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While headlines for our annual Automotive Advertising Outlook focus on car dealers’ continued infatuation with digital media, perhaps the most profound statement appears at the end of the report, in the Conclusions:
“Let’s set something straight. Automotive advertising hasn’t completely disappeared from newspapers and radio, and it’s still a healthy part of TV and direct mail. In fact, we could have begun this report as follows: ‘Despite the ballyhoo of all things digital, auto marketers still find analog media so attractive that they’re spending nearly half of their ad budgets there.’ ”
Perhaps it’s just inertia? Maybe car dealers are just slowly easing out of old habits and will eventually put 100% of their budgets in digital media.
Not likely. I spoke recently with several local auto dealers and the head of a large automotive agency, and they all had the same story: They don’t foresee abandoning print or broadcast media; they’re just seeking the optimal mix. One, in fact, significantly increased its direct mail spending this year to complement a TV campaign.
Below are this year’s actual ad budgets for two dealerships – one with more than 1,000 employees, the other with about 200. Digital media account for roughly half their budgets, but newspaper and TV spending account for 38% to 40%. Both dealerships seemed fairly sophisticated in their analysis of advertising ROI, so we’ll have to assume that TV and newspapers – and direct mail and radio for that matter –work pretty well for them.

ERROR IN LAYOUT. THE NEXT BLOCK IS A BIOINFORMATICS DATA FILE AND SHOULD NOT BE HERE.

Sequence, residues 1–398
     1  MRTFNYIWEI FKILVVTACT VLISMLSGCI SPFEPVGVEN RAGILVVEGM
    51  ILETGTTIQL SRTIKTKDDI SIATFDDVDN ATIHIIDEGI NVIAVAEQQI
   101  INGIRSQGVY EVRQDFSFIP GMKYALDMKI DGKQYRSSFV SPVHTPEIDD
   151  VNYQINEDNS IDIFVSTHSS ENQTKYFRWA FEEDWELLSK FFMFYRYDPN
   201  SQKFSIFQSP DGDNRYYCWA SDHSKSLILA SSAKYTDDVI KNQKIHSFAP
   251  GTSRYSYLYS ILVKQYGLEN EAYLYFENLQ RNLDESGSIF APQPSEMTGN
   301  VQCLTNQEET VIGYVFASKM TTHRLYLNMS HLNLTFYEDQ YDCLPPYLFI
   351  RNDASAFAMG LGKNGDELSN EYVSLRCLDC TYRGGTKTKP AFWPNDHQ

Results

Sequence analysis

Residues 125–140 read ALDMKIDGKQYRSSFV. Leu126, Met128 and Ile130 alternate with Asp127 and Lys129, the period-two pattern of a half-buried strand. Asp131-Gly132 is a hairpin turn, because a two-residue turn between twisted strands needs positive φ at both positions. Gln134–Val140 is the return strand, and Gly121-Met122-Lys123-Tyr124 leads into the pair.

Unfortunately, this doesn’t mean broadcast and print managers can relax. Dials are still being adjusted to find that optimum mix. Great research last year from Advertising Age with help from the Temerlin Advertising Institute showed that social media does a lousy job of changing perceptions, while TV does a lousy job of generating awareness of new product lines or extensions. It also showed that both TV and print media did a far better job of creating “branded engagements” than digital media. But hand in hand, newspapers, TV and digital media do a terrific job of influencing people to buy something better than any one of them alone.
Car dealers are beginning to find that appropriate mix. The successful media companies of the future won’t be the ones who blindly espouse the attributes of the media they happen to own while badmouthing the other. They’ll be the ones who understand how it all fits together.